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Sticky Chocolate & Coconut Cake – Ryttarkaka

January 24, 2018 | Leave a comment

 

Ryttarkaka – Sticky Chocolate & Coconut Cake

A classic mixture of two much loved cakes: The sticky chocolate cake and the topping that goes on the Dream cake – gooey coconut. So very delicious!

It is very important not to over bake this – the base needs to be gooey, as in Brownie gooey and a bit more. Some Swedes like this almost runny – I do prefer it just set. Watch out on the baking time – as soon as the chocolate cake can take the topping so it does not seep into the batter, this is when you add it. Then you bake until golden on top and still gooey in the middle.

Baking times vary by oven so only use this as a guideline.

Yield: 15-18 pieces.

Ingredients

200g butter

50g dark chocolate

300g caster sugar

4 eggs

150g plain flour

40g cacao powder

1 tsp vanilla sugar or extract

Pinch of salt

 

Topping

120g butter

60g light brown sugar

100ml golden syrup

150ml cream

100g desiccated coconut and 100g coconut chips (or use all desiccated)

 

Method

Turn the oven to 170C

Melt the butter in a saucepan then add the chocolate and stir (it will melt)

Whisk eggs and sugar until very airy and light in a stand mixer.

Combine salt, flour and vanilla (if using vanilla powder, if liquid add to the sugar and egg).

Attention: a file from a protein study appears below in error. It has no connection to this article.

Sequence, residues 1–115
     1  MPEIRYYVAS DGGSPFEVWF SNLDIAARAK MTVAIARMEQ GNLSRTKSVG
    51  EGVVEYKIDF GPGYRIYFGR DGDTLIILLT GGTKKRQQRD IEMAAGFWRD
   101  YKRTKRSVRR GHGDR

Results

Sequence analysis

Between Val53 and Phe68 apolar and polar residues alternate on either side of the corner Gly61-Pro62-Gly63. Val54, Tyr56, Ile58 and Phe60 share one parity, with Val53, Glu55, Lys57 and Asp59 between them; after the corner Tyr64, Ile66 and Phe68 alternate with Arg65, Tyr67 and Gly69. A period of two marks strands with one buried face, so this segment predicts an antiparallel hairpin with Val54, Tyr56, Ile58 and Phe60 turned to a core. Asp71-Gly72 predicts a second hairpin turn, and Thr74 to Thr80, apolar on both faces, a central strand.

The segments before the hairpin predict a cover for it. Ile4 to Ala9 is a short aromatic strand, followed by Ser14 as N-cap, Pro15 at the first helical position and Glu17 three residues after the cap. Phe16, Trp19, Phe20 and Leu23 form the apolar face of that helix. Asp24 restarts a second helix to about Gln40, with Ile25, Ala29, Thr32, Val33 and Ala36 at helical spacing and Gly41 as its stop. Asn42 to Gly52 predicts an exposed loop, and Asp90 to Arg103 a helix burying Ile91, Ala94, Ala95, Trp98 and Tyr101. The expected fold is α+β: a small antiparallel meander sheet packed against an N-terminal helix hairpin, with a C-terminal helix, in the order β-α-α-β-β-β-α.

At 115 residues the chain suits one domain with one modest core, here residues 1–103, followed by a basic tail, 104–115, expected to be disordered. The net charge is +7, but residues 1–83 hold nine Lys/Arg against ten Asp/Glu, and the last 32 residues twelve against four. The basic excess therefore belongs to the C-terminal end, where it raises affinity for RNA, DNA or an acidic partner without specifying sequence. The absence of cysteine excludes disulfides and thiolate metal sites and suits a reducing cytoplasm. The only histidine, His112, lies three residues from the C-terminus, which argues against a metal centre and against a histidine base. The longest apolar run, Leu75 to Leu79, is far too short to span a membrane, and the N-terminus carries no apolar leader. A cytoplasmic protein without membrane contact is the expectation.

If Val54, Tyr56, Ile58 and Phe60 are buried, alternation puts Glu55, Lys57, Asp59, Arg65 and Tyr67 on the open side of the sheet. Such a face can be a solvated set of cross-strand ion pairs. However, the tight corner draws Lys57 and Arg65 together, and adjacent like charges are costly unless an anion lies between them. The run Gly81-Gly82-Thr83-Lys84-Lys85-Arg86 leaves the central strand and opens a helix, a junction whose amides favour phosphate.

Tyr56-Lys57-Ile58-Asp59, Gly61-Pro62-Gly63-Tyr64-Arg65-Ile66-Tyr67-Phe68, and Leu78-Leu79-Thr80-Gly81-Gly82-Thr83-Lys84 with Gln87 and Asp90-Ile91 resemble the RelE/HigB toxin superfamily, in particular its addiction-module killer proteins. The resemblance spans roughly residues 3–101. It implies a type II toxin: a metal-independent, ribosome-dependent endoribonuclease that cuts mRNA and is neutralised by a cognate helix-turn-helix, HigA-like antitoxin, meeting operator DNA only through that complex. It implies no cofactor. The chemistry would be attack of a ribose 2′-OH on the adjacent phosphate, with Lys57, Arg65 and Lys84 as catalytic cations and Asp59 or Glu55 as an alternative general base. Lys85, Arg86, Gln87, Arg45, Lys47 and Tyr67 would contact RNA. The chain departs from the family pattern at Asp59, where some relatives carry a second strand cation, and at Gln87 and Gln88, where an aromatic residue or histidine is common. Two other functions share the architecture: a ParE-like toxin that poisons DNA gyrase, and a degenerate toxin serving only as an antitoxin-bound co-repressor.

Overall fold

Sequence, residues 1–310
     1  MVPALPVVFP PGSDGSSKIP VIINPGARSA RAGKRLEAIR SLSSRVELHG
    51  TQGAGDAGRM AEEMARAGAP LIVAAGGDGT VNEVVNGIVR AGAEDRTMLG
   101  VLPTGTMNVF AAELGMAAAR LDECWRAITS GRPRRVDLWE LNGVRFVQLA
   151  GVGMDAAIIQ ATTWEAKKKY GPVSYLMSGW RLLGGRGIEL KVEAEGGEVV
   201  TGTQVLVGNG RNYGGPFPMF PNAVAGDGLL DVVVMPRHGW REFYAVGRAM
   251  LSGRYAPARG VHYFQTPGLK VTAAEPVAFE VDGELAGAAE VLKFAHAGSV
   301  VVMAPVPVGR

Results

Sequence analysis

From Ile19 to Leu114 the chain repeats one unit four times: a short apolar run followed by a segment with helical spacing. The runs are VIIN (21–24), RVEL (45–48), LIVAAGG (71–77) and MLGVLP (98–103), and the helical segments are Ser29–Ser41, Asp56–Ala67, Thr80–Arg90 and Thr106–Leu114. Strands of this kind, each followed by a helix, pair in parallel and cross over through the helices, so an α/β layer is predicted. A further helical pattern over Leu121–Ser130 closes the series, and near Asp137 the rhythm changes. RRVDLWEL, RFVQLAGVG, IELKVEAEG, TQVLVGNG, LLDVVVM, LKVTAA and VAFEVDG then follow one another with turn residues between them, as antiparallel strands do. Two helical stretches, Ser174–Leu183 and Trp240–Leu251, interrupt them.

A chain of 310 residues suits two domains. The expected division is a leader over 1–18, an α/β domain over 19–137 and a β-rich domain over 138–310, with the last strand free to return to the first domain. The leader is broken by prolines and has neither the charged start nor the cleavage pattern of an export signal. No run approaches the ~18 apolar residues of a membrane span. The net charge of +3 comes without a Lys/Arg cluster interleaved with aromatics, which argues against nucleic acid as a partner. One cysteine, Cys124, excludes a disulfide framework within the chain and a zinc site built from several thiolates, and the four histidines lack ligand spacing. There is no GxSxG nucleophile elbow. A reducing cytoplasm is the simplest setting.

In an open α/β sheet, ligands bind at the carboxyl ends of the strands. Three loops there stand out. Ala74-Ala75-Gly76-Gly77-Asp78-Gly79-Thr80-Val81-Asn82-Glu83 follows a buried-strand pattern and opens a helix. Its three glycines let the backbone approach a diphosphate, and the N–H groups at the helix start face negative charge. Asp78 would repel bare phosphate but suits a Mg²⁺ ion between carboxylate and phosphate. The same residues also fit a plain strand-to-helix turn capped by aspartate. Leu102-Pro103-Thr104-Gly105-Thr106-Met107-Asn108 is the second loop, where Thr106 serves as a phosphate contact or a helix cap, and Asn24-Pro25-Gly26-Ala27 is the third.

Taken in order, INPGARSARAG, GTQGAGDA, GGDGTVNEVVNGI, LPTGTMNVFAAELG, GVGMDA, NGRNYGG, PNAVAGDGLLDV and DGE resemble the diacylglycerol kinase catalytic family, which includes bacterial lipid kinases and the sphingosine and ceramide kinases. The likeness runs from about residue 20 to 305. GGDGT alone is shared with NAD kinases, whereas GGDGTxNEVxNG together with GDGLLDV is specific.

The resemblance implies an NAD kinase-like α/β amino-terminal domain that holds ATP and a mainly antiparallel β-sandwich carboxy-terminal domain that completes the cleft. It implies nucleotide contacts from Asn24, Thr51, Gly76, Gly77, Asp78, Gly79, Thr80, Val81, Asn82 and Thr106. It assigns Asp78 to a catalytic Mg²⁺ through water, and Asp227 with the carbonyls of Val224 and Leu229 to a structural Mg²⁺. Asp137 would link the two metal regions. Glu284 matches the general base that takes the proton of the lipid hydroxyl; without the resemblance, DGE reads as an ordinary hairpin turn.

Sift in the flour and combine, add the melted butter and chocolate and fold until smooth.

Pour into a 20x30cm lined baking tins and bake for around 10-12 minutes until just setting. Meanwhile, in a saucepan, heat up the ingredients for the topping on a slow heat until combines and liquid. As soon as the top as set on the chocolate base, carefully pour over the coconut topping evenly. Bake for a further 10 minutes – if needed – and keep checking, ensuring the toping does not go too dark.

The cake is ready to have the topping on when the top of the chocolate has just set, so do check. If the chocolate cake has baked too quickly, simply don’t leave the topping in for the full ten minutes but take out early.

Leave to cool down, the serve. It is fine if the middle is sticky and under baked – this is how a Swedish Sticky chocolate should be. Better under baked than over-baked.